NCF Nation: Jordan Gibbs
Welcome back, grind-it-out football.
If the Panthers' 21-14 win against Louisville this past weekend had a familiar look to it, that was not an accident. Coach Todd Graham has decided to slow down the offensive pace. No more rushing to snap the ball. No more rushing to get set. No more rushing players onto the field.
Graham singled out his line in particular for its play against the Cardinals. The Panthers used their seventh different starting lineup, as guard Lucas Nix was still unavailable. Pitt went with the combination of Greg Gaskins at left tackle, Ryan Schlieper at left guard; Ryan Turnley at center; Cory King at right guard and Jordan Gibbs at right tackle. Turnley is the only player who has started all 10 games at the same position.
"I'm just really proud of them," Graham said. "Greg Gaskins just sticks out to me up front, him and Turnley. We've now had a few weeks with just the same group of guys and they really responded. I thought we run-blocked really well, came off the football. We were able to be balanced in what we were doing. It's just repetition and having the same guys in the lineup helped. It's just reps and those guys being disciplined."
Pitt lost its two best players on the offensive line in Nix (hurt against USF) and Chris Jacobson (out for the season). Guys like Gaskins, King and Schlieper only have a handful of starts and were thrown into the mix to plug holes. As a result of that and an inability to pick up the hurry-up, Pitt has given up 42 sacks this season.
The injuries on offense and all the young players have played a big role in why Graham is scaling back the attack.
But if he gets another performance like the one against Louisville, it will hardly matter.
"The nature of football -- you're going to have injuries," he said. "We're not going to make excuses and whine about that stuff. But what you have to have is guys that have been in backup roles or some of our guys who've been third team. They can't play as replacements. They have to go out there like they're 9 feet tall and compete like they're the best offensive linemen in the country. To get that confidence takes repetition. Having a knowledge of what you're doing allows you to play fast and aggressive. It's been a process, obviously been a challenge with the injuries, but [I'm] really proud of how they responded. It's not how you start, but how you finish."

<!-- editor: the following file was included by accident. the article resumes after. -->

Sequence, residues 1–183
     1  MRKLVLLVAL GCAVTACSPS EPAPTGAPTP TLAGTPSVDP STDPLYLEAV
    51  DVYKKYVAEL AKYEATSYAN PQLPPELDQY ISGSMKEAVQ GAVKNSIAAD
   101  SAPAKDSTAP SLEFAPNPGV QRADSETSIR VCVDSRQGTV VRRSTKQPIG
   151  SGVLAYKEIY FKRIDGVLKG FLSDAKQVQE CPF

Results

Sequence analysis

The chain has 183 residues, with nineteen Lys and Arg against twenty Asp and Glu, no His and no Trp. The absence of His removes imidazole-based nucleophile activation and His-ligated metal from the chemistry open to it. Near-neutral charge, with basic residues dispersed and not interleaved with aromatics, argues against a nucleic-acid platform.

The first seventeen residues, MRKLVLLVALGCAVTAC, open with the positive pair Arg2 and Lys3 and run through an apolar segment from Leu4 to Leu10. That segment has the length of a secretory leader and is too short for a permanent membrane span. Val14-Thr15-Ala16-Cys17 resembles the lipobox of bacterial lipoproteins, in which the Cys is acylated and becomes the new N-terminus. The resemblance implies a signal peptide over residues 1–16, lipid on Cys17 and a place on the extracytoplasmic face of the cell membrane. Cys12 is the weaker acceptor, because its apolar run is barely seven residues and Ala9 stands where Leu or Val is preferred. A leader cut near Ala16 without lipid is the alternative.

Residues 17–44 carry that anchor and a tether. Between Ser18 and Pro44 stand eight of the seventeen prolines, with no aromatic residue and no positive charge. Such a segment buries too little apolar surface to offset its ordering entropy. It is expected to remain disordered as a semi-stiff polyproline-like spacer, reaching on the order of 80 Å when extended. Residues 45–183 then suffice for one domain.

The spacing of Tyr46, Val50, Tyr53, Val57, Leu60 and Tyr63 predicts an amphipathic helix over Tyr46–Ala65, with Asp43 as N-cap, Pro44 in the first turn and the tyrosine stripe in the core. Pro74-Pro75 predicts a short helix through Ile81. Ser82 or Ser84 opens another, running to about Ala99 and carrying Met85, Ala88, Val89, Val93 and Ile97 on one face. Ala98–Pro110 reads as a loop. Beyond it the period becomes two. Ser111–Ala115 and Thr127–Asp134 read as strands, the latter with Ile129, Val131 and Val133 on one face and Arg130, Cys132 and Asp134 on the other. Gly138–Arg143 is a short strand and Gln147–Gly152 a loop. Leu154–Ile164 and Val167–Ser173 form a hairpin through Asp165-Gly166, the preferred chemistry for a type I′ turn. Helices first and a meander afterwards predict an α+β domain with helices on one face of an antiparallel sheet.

So first up is the offensive line. To make these rankings, I considered returning starters, accolades for returning starters, position switches and depth. The truth is, this is not an area of strength for the league as a whole. Most teams have depth concerns and questions at one or more positions.
2. West Virginia. The offensive line was an area of strength under Rich Rodriguez, but has struggled the past few years. It was hard to get a gauge on this unit in the spring, with both starting tackles Jeff Braun and Don Barclay out because of injuries. Starting guard Josh Jenkins also got hurt and is still not 100 percent. But the potential is there for this group to be significantly improved.